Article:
A Jordanian bank objected to turning over records that it claimed it couldn't produce without risking criminal prosecution by the governments of Jordan, Lebanon, and the Palestinian Monetary Authority.
The plaintiffs accused the institution, Arab Bank, of aiding terrorist groups that had killed and hurt them and family members in Israel and the Palestinian Territories. They sued under the Anti-Terrorist Act and the Alien Tort Claims Act.
A magistrate judge ordered Arab Bank to comply with the plaintiffs' requests for documents. When it failed to do so after many years of litigation, the judge concluded that Arab Bank violated Rule 37(b) of the Federal Rules of Civil Procedure and recommended that the court, at trial, instruct the jury that it could infer that the records would have shown that Arab Bank did do business with and helped terrorist organizations. The district court adopted the report and recommendation.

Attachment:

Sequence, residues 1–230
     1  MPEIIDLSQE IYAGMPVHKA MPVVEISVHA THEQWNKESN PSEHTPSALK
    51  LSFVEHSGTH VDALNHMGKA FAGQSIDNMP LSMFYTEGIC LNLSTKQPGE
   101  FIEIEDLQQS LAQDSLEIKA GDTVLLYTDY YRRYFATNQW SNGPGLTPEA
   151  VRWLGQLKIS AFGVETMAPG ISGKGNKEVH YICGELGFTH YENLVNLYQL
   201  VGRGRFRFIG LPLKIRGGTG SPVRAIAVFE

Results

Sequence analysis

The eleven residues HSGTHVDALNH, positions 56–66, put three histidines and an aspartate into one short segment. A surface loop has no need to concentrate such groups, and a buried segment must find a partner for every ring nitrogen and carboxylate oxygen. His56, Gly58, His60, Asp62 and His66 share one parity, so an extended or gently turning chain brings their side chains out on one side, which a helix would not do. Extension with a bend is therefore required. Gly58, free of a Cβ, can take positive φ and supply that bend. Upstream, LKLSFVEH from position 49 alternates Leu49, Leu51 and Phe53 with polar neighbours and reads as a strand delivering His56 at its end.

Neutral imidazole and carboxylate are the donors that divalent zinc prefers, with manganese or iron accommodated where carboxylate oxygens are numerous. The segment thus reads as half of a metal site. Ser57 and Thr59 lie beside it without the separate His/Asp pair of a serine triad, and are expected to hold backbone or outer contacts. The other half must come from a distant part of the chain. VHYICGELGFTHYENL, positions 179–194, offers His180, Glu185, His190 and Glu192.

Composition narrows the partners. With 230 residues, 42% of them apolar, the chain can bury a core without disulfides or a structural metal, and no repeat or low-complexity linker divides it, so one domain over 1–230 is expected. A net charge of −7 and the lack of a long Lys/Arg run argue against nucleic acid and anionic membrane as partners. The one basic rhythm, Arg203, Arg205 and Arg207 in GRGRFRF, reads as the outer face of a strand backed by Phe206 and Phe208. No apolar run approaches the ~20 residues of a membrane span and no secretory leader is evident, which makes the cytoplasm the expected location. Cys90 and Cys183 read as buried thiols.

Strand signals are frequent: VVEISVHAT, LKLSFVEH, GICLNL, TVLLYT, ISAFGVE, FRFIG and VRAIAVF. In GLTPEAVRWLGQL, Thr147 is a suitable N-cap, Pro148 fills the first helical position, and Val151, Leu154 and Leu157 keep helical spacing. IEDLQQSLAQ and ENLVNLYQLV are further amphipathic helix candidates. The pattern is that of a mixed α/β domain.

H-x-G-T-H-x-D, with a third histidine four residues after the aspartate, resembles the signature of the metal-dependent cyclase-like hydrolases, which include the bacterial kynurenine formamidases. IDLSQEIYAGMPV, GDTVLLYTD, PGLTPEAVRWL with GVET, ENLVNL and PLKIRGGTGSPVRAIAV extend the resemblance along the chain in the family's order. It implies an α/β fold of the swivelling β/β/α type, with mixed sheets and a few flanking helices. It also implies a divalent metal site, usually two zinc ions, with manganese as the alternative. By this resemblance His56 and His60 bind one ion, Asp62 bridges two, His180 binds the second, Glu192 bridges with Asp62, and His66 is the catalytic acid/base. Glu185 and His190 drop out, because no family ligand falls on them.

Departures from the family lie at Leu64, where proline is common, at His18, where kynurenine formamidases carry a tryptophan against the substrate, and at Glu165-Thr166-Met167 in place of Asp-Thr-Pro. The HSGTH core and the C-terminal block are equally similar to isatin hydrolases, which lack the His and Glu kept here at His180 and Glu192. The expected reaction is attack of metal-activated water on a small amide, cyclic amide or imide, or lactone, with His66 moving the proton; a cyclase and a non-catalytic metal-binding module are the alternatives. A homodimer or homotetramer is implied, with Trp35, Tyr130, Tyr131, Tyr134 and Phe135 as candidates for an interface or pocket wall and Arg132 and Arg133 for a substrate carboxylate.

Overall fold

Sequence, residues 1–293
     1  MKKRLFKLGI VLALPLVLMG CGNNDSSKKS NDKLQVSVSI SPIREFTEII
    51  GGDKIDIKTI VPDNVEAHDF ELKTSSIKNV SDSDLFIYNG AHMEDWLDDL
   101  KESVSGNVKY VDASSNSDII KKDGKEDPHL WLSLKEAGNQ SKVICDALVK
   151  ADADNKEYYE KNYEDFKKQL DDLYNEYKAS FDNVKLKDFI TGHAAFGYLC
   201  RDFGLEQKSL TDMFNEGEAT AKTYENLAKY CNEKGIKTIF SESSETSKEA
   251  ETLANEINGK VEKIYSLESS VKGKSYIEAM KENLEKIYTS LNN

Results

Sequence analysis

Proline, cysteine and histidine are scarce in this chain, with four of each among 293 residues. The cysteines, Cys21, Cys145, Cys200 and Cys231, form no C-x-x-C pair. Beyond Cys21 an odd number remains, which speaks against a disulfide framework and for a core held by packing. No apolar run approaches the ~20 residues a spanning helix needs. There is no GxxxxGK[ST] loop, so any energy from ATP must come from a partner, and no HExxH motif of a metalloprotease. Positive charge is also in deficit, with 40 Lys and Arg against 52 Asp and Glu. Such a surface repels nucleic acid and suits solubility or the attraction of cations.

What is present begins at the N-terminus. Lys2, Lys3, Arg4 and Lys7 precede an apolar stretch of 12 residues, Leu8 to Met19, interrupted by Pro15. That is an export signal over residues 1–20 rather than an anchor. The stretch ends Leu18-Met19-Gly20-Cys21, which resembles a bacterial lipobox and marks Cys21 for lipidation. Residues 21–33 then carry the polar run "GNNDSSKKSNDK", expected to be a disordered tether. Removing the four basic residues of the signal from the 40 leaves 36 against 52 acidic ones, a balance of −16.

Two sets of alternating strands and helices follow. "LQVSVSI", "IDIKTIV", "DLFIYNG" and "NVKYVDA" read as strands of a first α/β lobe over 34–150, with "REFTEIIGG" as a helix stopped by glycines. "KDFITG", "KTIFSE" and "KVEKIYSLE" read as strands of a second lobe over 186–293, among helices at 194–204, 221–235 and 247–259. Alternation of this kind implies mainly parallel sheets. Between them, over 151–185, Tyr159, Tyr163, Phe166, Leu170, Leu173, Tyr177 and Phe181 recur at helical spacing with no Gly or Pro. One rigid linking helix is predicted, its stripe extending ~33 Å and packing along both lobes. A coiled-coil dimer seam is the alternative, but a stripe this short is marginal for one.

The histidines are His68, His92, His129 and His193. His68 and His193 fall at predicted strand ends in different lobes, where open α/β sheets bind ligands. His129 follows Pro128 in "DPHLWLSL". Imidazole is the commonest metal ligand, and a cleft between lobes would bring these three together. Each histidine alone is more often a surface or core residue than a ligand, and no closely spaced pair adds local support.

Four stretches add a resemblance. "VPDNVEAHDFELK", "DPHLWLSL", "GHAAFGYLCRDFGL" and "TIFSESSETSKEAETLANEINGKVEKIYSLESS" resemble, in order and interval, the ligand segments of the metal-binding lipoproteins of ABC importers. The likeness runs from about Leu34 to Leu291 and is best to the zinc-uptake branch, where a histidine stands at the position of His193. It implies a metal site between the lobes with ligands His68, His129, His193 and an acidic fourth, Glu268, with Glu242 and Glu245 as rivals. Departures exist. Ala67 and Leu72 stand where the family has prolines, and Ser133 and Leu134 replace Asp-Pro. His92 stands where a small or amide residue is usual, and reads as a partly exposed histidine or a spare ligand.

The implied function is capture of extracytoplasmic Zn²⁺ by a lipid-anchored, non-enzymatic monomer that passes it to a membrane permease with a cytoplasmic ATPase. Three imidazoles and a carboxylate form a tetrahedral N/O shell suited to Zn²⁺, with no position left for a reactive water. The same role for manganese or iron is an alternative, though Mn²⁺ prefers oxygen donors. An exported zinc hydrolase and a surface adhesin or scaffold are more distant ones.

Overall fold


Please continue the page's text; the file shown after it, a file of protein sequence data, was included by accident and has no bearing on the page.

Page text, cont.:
Today, the Second Circuit held that it lacked jurisdiction to consider the merits of the order. It also ruled that Arab Bank had not made the extraordinary showing necessary to warrant relief by way of writ of mandamus. Linde v. Arab Bank, PLC, No. 11-4519-cv(L) (2d Cir. Jan. 18, 2013).